Axolotl Fungus Treatment

If you are reading this guide, your axolotl probably has some feather-like white stuff on its gills and skin.

Typically this is attributed to axolotl fungus – a common skin issue seen in these aquatic pets. 

Fortunately, mild cases of axolotl fungus are quite easy to treat and if you’re proactive about it, your pet will be normal within no time. 

In this guide, we tell you everything you need to know about axolotl fungus treatment that can help you treat the infection and prevent it. 

Let us get straight to it!

How to Know if Your Axolotl Has Fungus?

How to Know if Your Axolotl Has Fungus?

Axolotl fungus on gills is a common ailment seen in these pets. It comes on rather suddenly and there are definite signs to help identify it. 

Axolotl fungus begins with tufts of feathery or cottony balls on its gills. The fungus may also be present at the site of a wound or injury on parts of its body other than the gills. 

In addition, a ball or cloudy area that is slimy may also appear on the skin.

Axolotl gill fungus sometimes results in whitening or cloudy tips of the gill stalks. As the condition worsens, the gills become very thin and look like they are disintegrating.

Also read: Axolotl White Fungus On Gills: Signs, Cause, and Treatment

What Causes Axolotl Fungus?

What Causes Axolotl Fungus?

Here are some of the major culprits that could lead to axolotl fungus:

  • Poor immunity
  • Unbalanced environment
  • Stress
  • Warm temperature

Poor immunity

The simultaneous weakening of your axolotl’s immune system due to poor water quality or improper water parameters is one of the major causes of axolotl fungus.

Your pet may even have a compromised immune system if sick or injured. Weak immunity makes your pet susceptible to skin issues, including bacterial and fungal problems.

Also read: Full Requirements & Water Conditions for Axolotl in Captivity

Unbalanced environment

An unbalanced environment can result from poor water parameters. The most important parameters include the water’s pH, ammonia, nitrites, and nitrates.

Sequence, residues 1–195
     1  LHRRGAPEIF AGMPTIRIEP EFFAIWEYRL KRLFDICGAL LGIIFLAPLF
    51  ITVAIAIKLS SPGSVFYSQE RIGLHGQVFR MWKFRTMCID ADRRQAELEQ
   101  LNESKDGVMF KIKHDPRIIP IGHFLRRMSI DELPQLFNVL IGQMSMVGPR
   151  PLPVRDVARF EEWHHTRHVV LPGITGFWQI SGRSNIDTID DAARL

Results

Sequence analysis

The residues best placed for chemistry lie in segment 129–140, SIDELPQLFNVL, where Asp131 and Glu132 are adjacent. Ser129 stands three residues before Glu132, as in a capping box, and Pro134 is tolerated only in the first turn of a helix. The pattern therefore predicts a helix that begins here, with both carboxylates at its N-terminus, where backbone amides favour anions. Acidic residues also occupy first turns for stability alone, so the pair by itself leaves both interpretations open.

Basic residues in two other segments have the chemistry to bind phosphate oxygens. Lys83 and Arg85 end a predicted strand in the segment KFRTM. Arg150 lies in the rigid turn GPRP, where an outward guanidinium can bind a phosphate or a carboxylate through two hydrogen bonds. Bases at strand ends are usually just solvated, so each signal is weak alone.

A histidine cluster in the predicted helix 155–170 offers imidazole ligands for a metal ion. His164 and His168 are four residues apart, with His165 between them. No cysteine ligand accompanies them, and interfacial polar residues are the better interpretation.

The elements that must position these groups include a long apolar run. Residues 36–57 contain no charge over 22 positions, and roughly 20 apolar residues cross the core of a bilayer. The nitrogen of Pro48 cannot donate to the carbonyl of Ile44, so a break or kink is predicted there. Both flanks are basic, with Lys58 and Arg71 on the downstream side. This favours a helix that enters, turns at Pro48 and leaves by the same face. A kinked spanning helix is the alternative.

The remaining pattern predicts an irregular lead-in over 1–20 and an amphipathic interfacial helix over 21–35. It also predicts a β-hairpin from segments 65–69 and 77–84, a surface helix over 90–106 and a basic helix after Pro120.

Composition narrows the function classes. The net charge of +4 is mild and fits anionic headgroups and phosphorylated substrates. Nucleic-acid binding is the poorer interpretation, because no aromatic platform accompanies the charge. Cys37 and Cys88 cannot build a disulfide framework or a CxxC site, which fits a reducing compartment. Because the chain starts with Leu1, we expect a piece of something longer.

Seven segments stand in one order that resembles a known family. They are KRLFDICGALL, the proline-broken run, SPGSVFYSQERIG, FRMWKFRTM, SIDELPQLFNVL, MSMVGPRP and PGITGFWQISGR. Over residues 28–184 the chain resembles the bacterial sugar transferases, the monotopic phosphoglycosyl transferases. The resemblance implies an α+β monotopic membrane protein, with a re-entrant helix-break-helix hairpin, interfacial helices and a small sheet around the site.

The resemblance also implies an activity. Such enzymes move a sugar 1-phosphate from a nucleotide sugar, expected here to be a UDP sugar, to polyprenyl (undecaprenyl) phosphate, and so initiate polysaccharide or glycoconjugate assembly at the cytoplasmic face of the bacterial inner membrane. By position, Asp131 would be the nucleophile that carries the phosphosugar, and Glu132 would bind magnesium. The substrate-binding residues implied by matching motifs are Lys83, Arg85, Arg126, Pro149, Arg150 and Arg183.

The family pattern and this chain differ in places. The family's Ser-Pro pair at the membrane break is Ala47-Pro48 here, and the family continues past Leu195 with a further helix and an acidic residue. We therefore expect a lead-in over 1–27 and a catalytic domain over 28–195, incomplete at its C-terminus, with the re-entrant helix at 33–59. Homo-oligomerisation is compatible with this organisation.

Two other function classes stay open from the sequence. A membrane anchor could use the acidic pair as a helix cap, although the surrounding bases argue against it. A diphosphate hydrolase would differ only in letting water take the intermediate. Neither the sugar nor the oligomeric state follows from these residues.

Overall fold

An imbalance in these can adversely impact your pet and result in fungal infections.

Also read: pH for Axolotl and Tips to Maintain

Lack of strong microbiome

Microbiome means a community of fungi, bacteria, and other microbes that live in the tank with your axolotl.

Even if your water parameters are perfect and the water temperature is perfect, your axolotl could still get sick if there are more harmful bacteria or fungi in its environment. 

That is why it is important to sterilize the tank. We will discuss this in detail, in the sections below.

Also read: How To Cycle Tank For Axolotl: 7 Steps for Beginners

Stress 

Several factors can cause stress in axolotls. As mentioned earlier, poor water parameters are a significant cause of stress in axolotls.

Your axolotl could even get stressed due to strong bright light. These nocturnal creatures need the dark so make sure you haven’t placed the tank near a bright light source.

Also read: 10 Axolotl Stress Signs

Warm temperature

Axies prefer cool water and warm water can stress them out immensely. Warm water even becomes a breeding ground for fungi and bacteria.

Try and maintain the tank water temperature between 60-64 F for your pets to thrive.

Also read: Axolotl Temperature (Tips to Maintain an Ideal Temperature)

How Do You Get Rid of Fungus on Axolotl Gills?

How Do You Get Rid of Fungus on Axolotl Gills?

There are many ways to easily treat axolotl fungus at home. 

For mild cases, you can use tea bags or tea tree oil. Simply transfer your axolotl to a container with cold water (hospital tank or quarantine tank) and add a tea bag to it.

You can also use Indian almond leaves. You will need to use antifungal medicines, antibiotics to treat secondary infections, and/or special water conditioners and baths, For severe infections.

Let us take a look at each of these in detail.

Tea Bath

You can use rooibos, black, or green tea to treat axolotl fungus. The tannins in the tea help make its skin slightly acidic which eliminates the fungal infection.

Look for organic tea that contains 100% tea without any additives or preservatives.

Dosage

You want to brew one entire mug of tea for a container of 3 gallons or about 10 liters of water. Cool the tea after brewing it. If needed, refrigerate it. Remember: axolotls do not like warm water.